A federal judge has ruled that a coal company controlled by West Virginia Gov. Jim Justice’s family must turn over financial information and make its employees available for questioning.

U.S. District Judge Irene Berger granted a motion submitted last month by U.S. Attorney Mike Stuart seeking additional information and the ability to depose Justice Energy Co. employees.

Federal prosecutors are seeking more information on the ability of the coal company to pay a $1.23 million court fine. They are asking for a list of all real estate, bank accounts, vehicles and other financial information.

Justice Energy, a company now run by Gov. Justice’s children James C. Justice III and Jillean Justice, was slapped with the fine after repeatedly failing to pay Virginia-based James River Equipment $150,000 for mining equipment, service and parts. The company sued in 2013 and won.

Two years after being ordered to pay the debt, and after repeatedly failing to show up for court hearings, Berger held Justice Energy in contempt of court, ordering the company to pay $30,000 per day.

In September, Justice Energy lost an appeal of the civil contempt fines.

According to the request granted Wednesday, Stuart said Justice Energy may not be able to pay the fine, based on conversations he had with the company’s attorneys. But he said he needs more information.

The judge’s order gives Justice Energy until Jan. 25 to provide all requested financial information and requires the firm to make employees available for depositions by mid-Feburary.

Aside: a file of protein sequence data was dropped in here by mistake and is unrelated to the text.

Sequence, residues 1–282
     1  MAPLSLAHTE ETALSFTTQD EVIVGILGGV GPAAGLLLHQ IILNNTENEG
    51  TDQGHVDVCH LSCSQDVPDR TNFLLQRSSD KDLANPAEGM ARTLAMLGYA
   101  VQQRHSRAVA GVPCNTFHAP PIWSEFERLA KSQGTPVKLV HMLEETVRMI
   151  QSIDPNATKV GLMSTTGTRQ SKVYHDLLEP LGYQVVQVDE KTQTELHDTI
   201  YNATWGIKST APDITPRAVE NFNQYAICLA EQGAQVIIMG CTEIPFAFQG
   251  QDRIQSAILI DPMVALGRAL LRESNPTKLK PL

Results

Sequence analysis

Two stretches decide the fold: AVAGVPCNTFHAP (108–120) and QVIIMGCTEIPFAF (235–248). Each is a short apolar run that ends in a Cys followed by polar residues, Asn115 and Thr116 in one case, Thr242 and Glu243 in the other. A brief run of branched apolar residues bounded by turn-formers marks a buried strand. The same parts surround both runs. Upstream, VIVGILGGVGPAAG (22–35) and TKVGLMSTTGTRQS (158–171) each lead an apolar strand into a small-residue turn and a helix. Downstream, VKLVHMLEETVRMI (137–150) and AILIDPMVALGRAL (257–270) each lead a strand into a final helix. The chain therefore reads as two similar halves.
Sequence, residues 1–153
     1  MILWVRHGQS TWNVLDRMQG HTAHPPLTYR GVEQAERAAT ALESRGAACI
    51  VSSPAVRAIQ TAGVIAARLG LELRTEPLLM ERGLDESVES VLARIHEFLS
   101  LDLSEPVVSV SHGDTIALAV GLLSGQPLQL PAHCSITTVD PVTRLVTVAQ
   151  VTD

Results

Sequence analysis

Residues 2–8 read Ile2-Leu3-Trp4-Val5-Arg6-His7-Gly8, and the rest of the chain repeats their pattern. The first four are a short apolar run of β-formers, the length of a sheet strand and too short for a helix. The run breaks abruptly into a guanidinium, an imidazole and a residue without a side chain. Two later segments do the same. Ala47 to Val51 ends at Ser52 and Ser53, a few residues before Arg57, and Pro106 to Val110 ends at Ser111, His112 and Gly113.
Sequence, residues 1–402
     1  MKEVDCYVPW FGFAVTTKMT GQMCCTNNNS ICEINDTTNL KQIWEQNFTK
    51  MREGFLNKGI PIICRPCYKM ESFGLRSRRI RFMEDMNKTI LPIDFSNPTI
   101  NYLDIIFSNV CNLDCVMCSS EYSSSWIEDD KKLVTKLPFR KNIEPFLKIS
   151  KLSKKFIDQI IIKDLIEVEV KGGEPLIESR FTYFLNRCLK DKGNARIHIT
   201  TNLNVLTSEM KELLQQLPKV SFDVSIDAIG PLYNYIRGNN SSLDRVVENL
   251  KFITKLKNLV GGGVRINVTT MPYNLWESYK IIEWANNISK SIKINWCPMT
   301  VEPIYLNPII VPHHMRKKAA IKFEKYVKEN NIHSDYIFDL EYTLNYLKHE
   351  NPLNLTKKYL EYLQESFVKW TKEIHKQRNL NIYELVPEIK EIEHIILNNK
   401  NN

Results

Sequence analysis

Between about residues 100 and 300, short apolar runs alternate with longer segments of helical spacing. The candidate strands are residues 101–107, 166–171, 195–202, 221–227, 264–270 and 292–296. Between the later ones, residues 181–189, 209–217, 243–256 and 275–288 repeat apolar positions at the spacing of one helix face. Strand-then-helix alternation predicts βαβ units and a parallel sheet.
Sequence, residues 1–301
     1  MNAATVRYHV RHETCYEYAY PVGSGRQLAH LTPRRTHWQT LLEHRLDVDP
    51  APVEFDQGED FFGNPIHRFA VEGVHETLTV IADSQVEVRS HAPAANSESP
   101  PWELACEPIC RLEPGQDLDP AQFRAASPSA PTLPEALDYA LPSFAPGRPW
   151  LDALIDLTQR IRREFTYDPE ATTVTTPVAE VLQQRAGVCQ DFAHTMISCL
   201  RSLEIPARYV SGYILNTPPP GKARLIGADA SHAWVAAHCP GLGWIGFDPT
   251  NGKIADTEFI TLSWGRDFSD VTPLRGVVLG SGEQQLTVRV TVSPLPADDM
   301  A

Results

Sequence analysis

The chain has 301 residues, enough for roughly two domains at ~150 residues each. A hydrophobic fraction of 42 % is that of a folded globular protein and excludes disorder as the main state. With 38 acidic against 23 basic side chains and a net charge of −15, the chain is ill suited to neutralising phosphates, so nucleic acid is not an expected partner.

An attorney for the Justice family companies did not immediately respond to a request for comment.

A review of court documents last year by the Ohio Valley ReSource found at least five cases in which judges ruled that Justice family companies failed to pay suppliers for goods or services. When compelled by courts to pay, the companies either refused or failed to meet agreed upon payments.

In all five cases the courts authorized U.S. marshals to seize assets from the Justice family companies’ bank accounts to recover the debts. However, in some cases, officials discovered the bank accounts were empty or closed.

This story was originally published by West Virginia Public Broadcasting.

Creative Commons License

This article was originally published by 100 Days in Appalachia, a nonprofit, collaborative newsroom telling the complex stories of the region that deserve to be heard. Sign up for their weekly newsletter here.